Your CX dashboard can display an overview of how many customers are impacted by an issue, how these issues change over time, and maybe even snapshots of multiple customers who experienced the same issue. Combining those anecdotes with compelling data makes a huge difference.
Giving your product and engineering teams access to your CX dashboard is just the first step. You can then use customer insights to:
Inform the product roadmap by developing features that customers care about most.
Understand where customers experience blockers.
Keep track of how successful releases are and whether product decisions are popular (or not).
Prioritize bug fixes strategically.
Develop a deeper understanding of how to influence product adoption and customer satisfaction.
Find opportunities for marketing campaigns
Did you know that 79% of people only engage with offers if they reflect their previous interactions with a company?
Your CX dashboard alone can’t bridge the gap between your customers and your marketing team, but it provides valuable insights that can be used to generate more effective marketing ideas.
Here are some examples:
Trigger personalized marketing content when your customers start using a feature that leads to that “Aha” moment.
Design campaigns around the features of your product that are most popular or helpful to new customers.
Create blog or newsletter content shedding light on the lesser-known features of your product, increasing the value existing customers receive.
Test different marketing campaigns based on customer segmentation and feedback.
Uncover great success stories and novel use cases.
Being closer to your customers always brings unexpected opportunities. Content generated like this is much more likely to gain traction and engagement than something uninformed by customer experience, so it’s a win-win for both sides: your customers and your marketing team.
Align customer experience metrics with customer and business outcomes
CX metrics become more meaningful across your whole company when you understand how they impact your business.
Only 20% of companies model how CX metrics influence customer outcomes (like retention) or business outcomes (like revenue growth). Even if you don’t manage to connect these metrics causally, making your CX dashboard available to your board and your executive team enables them to—at least—understand how CX metrics correlate with business outcomes.
They'll likely notice patterns that should influence key business decisions.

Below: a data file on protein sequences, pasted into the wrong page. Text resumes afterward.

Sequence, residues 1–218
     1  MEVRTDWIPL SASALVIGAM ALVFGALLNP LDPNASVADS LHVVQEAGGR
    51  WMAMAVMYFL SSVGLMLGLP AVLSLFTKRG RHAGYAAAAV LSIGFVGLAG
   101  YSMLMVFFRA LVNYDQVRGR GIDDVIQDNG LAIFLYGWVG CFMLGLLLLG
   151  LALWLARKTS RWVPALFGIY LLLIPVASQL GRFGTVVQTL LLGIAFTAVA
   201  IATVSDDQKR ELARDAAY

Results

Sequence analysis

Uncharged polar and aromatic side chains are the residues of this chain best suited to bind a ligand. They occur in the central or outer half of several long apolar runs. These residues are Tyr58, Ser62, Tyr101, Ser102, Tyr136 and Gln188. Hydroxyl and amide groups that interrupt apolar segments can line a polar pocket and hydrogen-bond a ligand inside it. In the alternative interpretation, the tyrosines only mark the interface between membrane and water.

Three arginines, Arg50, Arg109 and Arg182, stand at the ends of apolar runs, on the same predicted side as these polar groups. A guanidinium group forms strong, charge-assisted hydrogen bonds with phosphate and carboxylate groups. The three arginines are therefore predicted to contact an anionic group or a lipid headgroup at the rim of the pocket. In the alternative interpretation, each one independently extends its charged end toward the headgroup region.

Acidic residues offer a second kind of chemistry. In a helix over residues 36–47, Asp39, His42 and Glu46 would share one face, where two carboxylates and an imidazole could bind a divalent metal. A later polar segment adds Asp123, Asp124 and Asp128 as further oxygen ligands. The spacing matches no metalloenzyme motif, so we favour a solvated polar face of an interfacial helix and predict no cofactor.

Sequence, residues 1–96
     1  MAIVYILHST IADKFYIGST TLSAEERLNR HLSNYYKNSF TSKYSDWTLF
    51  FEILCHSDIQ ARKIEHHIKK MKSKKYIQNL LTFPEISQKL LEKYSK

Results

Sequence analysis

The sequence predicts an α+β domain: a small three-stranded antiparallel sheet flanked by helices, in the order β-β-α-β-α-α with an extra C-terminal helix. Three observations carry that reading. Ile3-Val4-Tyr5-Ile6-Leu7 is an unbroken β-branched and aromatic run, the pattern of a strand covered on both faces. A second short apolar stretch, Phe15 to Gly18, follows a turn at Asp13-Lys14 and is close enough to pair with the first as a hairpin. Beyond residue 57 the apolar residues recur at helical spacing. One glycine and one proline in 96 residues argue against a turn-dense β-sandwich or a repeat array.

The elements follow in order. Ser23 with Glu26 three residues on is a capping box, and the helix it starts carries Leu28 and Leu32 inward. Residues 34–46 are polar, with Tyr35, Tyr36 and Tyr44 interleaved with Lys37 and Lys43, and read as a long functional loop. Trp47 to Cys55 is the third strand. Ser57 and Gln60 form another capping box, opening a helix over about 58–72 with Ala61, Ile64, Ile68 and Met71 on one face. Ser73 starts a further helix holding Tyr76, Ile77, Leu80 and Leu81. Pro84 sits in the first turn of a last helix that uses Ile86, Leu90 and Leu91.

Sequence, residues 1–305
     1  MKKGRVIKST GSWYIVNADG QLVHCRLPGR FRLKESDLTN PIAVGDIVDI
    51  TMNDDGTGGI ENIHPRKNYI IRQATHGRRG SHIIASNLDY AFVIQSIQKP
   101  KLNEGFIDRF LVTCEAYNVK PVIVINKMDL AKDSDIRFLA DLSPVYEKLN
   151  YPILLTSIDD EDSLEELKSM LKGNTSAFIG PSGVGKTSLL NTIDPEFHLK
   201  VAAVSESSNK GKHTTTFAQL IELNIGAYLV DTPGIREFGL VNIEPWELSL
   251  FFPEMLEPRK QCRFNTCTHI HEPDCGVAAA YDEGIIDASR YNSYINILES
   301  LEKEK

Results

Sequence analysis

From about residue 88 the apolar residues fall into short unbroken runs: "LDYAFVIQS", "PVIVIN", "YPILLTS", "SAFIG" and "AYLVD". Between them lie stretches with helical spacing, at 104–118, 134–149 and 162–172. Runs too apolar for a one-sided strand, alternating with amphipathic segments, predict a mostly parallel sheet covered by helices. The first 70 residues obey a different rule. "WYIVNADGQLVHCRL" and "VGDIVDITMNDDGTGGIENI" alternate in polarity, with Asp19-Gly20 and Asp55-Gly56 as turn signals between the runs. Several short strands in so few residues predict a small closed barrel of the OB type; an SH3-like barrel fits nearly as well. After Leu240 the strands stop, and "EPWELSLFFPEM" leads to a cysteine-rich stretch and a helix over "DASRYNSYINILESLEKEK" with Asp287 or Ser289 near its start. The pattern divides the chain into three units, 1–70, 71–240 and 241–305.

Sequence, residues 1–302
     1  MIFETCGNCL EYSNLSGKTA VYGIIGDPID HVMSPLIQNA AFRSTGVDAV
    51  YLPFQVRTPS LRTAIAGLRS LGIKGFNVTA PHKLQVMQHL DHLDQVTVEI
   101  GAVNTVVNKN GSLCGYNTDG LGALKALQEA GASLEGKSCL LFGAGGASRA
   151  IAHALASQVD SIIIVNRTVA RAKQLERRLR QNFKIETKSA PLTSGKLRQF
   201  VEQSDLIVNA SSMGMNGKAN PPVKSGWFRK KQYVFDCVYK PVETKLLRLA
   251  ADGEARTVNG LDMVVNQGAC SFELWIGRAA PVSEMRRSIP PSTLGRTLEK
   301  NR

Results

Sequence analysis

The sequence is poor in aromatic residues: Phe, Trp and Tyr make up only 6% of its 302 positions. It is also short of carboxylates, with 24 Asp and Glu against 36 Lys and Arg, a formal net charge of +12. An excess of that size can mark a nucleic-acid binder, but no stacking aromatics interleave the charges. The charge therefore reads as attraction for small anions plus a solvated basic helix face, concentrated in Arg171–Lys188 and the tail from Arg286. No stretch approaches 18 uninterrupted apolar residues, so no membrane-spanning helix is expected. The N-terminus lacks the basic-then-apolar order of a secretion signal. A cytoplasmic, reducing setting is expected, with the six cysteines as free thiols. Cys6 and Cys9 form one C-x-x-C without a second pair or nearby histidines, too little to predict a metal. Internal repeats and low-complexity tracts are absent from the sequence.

For example, maybe sales and CSAT tend to go down during your slow season, so your sales and support teams can collaborate on improving both. Or maybe Customer Lifetime Value and NPS trend together closely, so you know investments that are likely to improve NPS are worthwhile.
Your customer experience dashboard is how you make those trends visible and build traction for CX initiatives.
Use customer insights to develop business strategy
Customer insights should play a huge role in defining your business strategy.
Making your CX dashboard available to the different teams in your company is great—but it’s useless if it doesn’t meaningfully influence your future decision-making. Taking action based on customer insights is how you set yourself apart from your competitors over time.
Your strategy and executive team can use a customer experience dashboard to:
Identify customer needs and preferences.
Understand what your customers are looking for and why.
See which product decisions resonate with your customer base.
Connect strategic decisions with the impact those choices had on your customers, such as the impact on NPS or customer loyalty.
Drive growth with your customer experience dashboard
Customer data is a resource. You can spend the next decade collecting it, but it’s useless if your data sits in a silo and doesn’t influence the choices you make.
To use your customer feedback to its fullest potential, it needs to be accessible and understandable. There’s no better way to do that then to create a customer experience dashboard that’s helpful across every team in your organization.
That’s where Kapiche comes in.
If you want to understand what your customers really want and how they feel—with minimal effort, even if you have a ton of data sources—then Kapiche is built for teams like you. Book a demo today!